Wonnarua

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Wonnarua people
aka: Wanaruah, Wanaruwa, Wonnuaruah, Wannerawa, Wonarura and Wonnahare
Wonnarua (AIATSIS), nd (SIL)[1]
IBRA 6.1 Sydney Basin.png
Hunter Region BioRegion
Hierarchy
Language Family: Pama–Nyungan[2]
Language Branch: Yuin–Kuric
Language Group: (??)
Group Dialects: Awabakal;[2]
Darkinjung[3]
Area (approx. 5,200 sq. km)
BioRegion: Hunter Region
Location: Upper Hunter Valley, New South Wales
Coordinates: 32°35′S 150°50′E / 32.583°S 150.833°E / -32.583; 150.833Coordinates: 32°35′S 150°50′E / 32.583°S 150.833°E / -32.583; 150.833[4]
Mountains: Liverpool Range;[3]
Barrington Tops[5]
Rivers Upper Hunter River;[4]
Allyn River;[6]
Williams River[7]
Other Geological: Yengo National Park[6]
Notable individuals
Jackey Jackey

The Wonnarua people /hwənʊrjuːɑr/, a group of indigenous people of Australia, are those Australian Aborigines that were united by a common language, strong ties of kinship and survived as skilled hunter–fisher–gatherers in family groups or clans scattered along the inland area of what is now known as the Upper Hunter Valley, New South Wales, Australia. Their traditional territory spreads from the Upper Hunter River, near Maitland west to the Great Dividing Range, towards Wollombi.

Meaning people of the hills and plains, the Wonnarua were bounded to the south by the Darkinjung, to the north–west by the Nganyaywana, to the north–east by the Awabakal, and to the south–east by the Worimi peoples. The Wonnarua also had trade and ceremonial links with the Kamilaroi people. Their creation spirit is Baiami, also known as Koin, the creator of all things and the Keeper of the Valley.[8]

Alternate names[edit]

A range of alternate names for the Wonnarua people are Wanaruah, Wanaruwa, Wonnuaruah, Wannerawa, Wonarura, and Wonnahare.[1]

Clans[edit]

The Gringai are a known clan of the Wonnarua people, whose traditional lands are the Allyn River valley,[9] and include what is now known as Dungog, Paterson, Gresford, Brookfield,[7] Tocal,[10] to the headwaters of the Williams and Chichester rivers.[7] Gringai land also includes the southern valleys of the Barrington Tops.[5]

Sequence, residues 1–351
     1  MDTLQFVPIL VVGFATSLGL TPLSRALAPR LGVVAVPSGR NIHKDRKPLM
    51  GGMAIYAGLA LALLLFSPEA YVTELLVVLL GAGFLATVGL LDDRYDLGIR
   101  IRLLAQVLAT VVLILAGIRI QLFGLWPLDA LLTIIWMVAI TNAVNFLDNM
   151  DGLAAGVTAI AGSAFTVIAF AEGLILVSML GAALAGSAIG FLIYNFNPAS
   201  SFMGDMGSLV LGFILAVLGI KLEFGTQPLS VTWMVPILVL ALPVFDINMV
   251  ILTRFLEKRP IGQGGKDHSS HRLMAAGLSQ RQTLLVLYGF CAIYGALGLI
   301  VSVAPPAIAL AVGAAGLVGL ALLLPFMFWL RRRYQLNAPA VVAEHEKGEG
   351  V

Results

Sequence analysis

Language[edit]

The Wonnarua people appeared to use a similar language to the Awabakal people, called Awabakal language, that is being reviewed by oral historians and linguists in order to develop a comprehensive dictionary of the language of the Hunter River and Lake Macquarie regions.[2] However, it has also been claimed that the language of the Wonnarua people is more closely linked to the Darkinjung language.[3]

Native Title[edit]

In 2010, 2011 and 2013 The Plains Clans of the Wonnarua people lodged a total of 3 separate native title claims that were registered with the National Native title tribunal. In every claim lodged it was clear that the PCWP do not recognise or acknowledge that a sub clan was associated with the Wonnarua people. This statement was made by a person who has know connection to the registered native title claimant group. And in fact the Awabakal people have lodged a claim that was registered asserting the Guringia are a sub clan of their people, Awabakal and Guringai People are a tribe bordering the Wonnarua.

Notable Wonnarua people[edit]

References[edit]

  1. ^ a b Dousset, Laurent (2005). "Wonnarua". AusAnthrop Australian Aboriginal tribal database. Retrieved 10 May 2012. 
  2. ^ a b c Lissarrague, Amanda (2006). "A salvage grammar and wordlist of the language from the Hunter River and Lake Macquarie" (PDF). Muurrbay Aboriginal Language and Culture Cooperative. ISBN 0-9775351-0-X. 
  3. ^ a b c Miller, Robert (1886–1887). "No. 188 The Hunter River" (PDF). In Curr, Edward. The Australian race: its origins, languages, customs, place of landing in Australia, and the routes by which it spread itself over that continent III. Melbourne: Government Printer. pp. 352–357. 
  4. ^ a b Tindale, Norman (1974). "Wonnarua (NSW)" (online extract). Aboriginal Tribes of Australia. South Australian Museum. Retrieved 15 May 2010. 
  5. ^ a b "Aboriginal associations with the park area". Barrington Tops National Park. NSW National Parks & Wildlife Service. Retrieved 13 May 2012. 
  6. ^ a b "Strategic Plan 2009–2019" (PDF). Wonnarua Nation Aboriginal Corporation. Retrieved 13 May 2012. 
  7. ^ a b c "Indigenous history". Visit Dungog. Dungog Shire Visitor Information Centre. 2009. Retrieved 13 May 2012. 
  8. ^ a b "Maitland History: Wonnarua People". Australian Museum of Clothing and Textiles. Retrieved 12 May 2012. 
  9. ^ "Caergwrle, Allynbrook". Discover people and places. State Library of New South Wales. 2011. Retrieved 13 May 2012. 
  10. ^ "Summary of Tocal's history". Tocal Homestead. CB Alexander Foundation. Retrieved 15 April 2009. 

External links[edit]

Further reading[edit]